Phison celebrated Computex 2017 by kicking off two new products designed to make your life better. The first is the long awaited PS5008-E8 NVMe SSD that we first talked about during CES in early 2017. The second product is a new Thunderbolt 3-to-NVMe bridge chip designed to enable partners to build high-speed portable storage solutions.
The two new editions to the Phison family can work together, and we expect partners to bring the duo out as a package. Several companies at Computex displayed Thunderbolt 3 portable flash drives in a similar form factor and with similar speeds. We assume many, if not all, had Phison components inside. Many of the companies didn't have too much information on the drives, and we can take that to mean the companies just picked up the reference design samples in the days leading up to the show.
Phison PS5008-E8 SSD Controller
PS5008-E8 development followed the same path as the E7 that many users chose to embrace in 2017. The early reference designs are nearly indistinguishable from the E7 parts we first saw two years ago. If the same timeline works out, we should start to see this controller in retail products as early as July, but Phison and its partners are at the mercy of Toshiba's 3D NAND production schedule.
Marvell, Silicon Motion Inc., Realtek, and other companies plan to release new controllers optimized for use with next generation 3D NAND with 64-layers from Micron and Toshiba. The Phison E8 is the only new controller we've spotted that uses a PCIe 3.0 x2 configuration. The drive has exactly one-half the bandwidth from the host to the controller compared to the other M.2 products. On the surface that sounds like a poor design decision by Phison. It will certainly will stand out on specification sheets, but paper and reality often conflict, and the E8 may actually have the upper hand during this round.
Let's start with power consumption, because that's where we expect to see the largest difference. The motherboard in the system should consume less power, with only two lanes passing data to the SSD. Just keeping those lanes off will save a measurable amount of power over a battery charge. The SSD should also consume less power, but that's just a theory at this point.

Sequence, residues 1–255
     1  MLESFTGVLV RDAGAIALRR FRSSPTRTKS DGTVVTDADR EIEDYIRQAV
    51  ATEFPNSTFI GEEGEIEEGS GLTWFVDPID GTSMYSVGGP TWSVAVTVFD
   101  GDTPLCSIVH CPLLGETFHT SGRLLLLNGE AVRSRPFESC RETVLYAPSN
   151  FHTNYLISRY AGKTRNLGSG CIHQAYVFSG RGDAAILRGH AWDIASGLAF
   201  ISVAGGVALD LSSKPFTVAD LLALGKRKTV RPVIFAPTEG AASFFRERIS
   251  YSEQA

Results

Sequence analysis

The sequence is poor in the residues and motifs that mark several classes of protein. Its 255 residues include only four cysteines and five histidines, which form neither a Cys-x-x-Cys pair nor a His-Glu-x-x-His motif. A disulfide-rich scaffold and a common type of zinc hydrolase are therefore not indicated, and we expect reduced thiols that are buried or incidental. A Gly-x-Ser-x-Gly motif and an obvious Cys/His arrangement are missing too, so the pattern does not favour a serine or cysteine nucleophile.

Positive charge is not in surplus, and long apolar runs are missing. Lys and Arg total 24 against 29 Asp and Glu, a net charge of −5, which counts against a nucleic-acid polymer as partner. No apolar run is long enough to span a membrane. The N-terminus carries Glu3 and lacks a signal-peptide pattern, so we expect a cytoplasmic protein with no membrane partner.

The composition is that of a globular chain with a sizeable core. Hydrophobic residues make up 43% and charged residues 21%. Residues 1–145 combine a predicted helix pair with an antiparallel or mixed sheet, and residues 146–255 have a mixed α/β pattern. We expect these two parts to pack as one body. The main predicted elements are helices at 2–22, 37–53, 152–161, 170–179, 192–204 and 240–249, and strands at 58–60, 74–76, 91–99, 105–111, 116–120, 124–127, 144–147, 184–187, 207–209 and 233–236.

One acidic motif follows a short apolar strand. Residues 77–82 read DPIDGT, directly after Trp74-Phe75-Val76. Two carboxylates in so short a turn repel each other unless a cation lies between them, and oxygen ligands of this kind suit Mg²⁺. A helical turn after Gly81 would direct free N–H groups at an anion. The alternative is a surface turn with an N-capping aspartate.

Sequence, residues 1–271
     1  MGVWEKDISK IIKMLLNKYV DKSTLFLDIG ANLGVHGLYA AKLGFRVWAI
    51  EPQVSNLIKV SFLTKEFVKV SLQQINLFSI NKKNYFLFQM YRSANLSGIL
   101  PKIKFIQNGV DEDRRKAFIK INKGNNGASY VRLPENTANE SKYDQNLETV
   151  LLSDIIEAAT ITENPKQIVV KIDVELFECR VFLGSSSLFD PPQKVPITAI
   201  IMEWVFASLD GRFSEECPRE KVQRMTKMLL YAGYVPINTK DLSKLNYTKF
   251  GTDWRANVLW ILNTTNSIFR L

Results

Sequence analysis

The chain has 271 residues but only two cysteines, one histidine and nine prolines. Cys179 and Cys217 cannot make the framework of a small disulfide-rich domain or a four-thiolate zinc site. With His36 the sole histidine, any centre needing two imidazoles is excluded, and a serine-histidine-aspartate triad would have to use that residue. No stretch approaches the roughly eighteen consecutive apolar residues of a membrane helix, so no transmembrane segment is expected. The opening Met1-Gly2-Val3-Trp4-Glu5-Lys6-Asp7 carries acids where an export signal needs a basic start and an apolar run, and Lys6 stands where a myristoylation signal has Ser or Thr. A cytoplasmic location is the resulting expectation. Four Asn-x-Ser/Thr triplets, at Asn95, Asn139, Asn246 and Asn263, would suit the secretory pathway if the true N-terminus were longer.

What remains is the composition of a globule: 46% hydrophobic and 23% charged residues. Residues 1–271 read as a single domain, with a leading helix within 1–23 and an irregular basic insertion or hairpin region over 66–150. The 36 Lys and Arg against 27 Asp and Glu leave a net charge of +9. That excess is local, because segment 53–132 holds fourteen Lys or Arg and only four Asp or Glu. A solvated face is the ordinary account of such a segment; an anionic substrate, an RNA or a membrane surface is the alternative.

The paper specification for sequential performance will suffer against comparable performance with PCIe 3.0 x4 products using the same flash. Because most, if not all, next generation flash will be TLC, the x4 advantage diminishes. The sequential data writes should be nearly identical after the initial SLC buffer burst. Companies advertise the burst speed but not the sustained write speed that's limited by the native TLC write performance and not the programmed buffer.
The untold advantage here is actually deep in the architecture. Phison chose a quad-core design for the PS5008-E8 controller in an era where dual-core controllers for low-cost devices is standard. The passe design should give the E8 a real advantage during mixed workloads and during background operation activity like garbage collection and wear leveling. It's two lanes exchanged for two cores. Time will tell if the trade makes for a better entry-level NVMe SSD.
Phison Thunderbolt External SSD
Are you ready for your external SSD to be as fast as your internal SSD? We're not talking about dropping a 2.5-inch, previous-generation SATA drive into a bulky $10 case with a USB 3.1 Gen 1 attached to a Type-C port so it looks fast. We're talking about full on NVMe speeds over Thunderbolt 3, the interface that offer 32Gb/s of data flow just like your internal PCIe 3.0 x4 M.2 ports. Before you blow up the comments about Thunderbolt 3's 40Gb/s advertised speeds, understand that 8Gb/s comes from the video portion of the spec. The actual chip can transfer only PCIe 3.0 x4 or 32Gb/s.
Phison went all John Wayne with the two reference designs, with a display of 2,250 MB/s sequential read and 1,207 MB/s sequential write speeds with a rare Phison M.2 2280 SSD. These products should come to market in both MLC and TLC models and with E7 and E8 controllers. Phison doesn't sell the actual reference designs to the public, but partners like Patriot, Corsair, and a number of others should bring these to market in one form or another.
The display we saw comes from partner Peaftek International from China. We'll be giving them a call soon to try to arrange an early sample to test and share with you. At this time we don't know too much about availability and pricing. We do know that starting in 2018, Intel plans to release a new processor series with Thunderbolt 3 built into the CPU die. That should increase the number of devices with the technology by a significant number.